Educators

Brain Myth -- Your Brain Is Gray

When people think about a brain, they might visualize a preserved brain sitting in a jar in a classroom that is often white or gray in color. But in reality, the living brain isn't a dull gray color – it is also red, white, and black.

This myth, like many myths about the brain, has a grain of truth, because a lot of the brain is gray. Gray matter exists throughout the brain (and in the spinal cord). However, the brain also contains white matter, which comprises nerve fibers that connect the gray matter. Another part of the brain that gives it color resides in the basal ganglia -- a component called substantia nigra (Latin for “black substance”) which is black. And the many blood vessels in the brain add a red appearance to parts of the brain.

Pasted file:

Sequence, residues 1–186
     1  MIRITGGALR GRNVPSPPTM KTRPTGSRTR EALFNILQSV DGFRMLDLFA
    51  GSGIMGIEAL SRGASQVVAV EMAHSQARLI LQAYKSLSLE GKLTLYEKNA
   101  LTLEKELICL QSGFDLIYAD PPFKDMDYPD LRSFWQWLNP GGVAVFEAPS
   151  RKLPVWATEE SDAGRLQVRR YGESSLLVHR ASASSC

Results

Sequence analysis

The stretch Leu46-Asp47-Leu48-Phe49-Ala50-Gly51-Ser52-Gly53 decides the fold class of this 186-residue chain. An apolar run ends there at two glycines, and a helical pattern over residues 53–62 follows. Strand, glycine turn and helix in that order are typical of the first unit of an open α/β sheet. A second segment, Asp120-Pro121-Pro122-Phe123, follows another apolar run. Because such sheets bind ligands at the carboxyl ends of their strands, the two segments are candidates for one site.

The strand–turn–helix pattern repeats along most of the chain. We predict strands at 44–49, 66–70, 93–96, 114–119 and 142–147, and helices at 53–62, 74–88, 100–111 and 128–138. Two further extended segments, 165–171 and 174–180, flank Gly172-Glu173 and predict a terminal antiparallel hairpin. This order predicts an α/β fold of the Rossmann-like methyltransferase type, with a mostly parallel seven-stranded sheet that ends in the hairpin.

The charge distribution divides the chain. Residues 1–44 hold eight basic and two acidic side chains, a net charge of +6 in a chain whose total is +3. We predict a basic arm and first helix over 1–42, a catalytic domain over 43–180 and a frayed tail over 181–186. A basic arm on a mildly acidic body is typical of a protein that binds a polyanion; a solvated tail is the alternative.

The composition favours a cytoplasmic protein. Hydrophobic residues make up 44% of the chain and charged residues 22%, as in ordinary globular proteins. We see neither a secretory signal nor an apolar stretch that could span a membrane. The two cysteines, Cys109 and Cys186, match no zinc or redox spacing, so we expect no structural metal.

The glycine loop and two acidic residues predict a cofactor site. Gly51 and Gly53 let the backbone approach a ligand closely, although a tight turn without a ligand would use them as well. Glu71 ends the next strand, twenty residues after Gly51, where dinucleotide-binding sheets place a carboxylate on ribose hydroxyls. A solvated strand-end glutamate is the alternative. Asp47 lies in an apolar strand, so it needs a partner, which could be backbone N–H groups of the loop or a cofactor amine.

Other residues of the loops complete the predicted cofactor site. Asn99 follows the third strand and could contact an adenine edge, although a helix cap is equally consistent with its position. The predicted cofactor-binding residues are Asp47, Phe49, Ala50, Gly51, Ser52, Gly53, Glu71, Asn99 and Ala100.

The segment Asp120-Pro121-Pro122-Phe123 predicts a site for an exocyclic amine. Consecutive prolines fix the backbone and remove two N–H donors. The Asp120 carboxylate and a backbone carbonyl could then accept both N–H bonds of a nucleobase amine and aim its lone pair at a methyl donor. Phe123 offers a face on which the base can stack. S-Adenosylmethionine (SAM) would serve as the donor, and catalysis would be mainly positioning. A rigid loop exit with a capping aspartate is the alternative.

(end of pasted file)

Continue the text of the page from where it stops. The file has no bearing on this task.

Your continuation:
So why does a brain look grey color when it is sitting in a jar in a classroom? That bland, spongy color is caused by chemicals such as formaldehyde that keep the brain preserved. The living brain is actually a lot more colorful!

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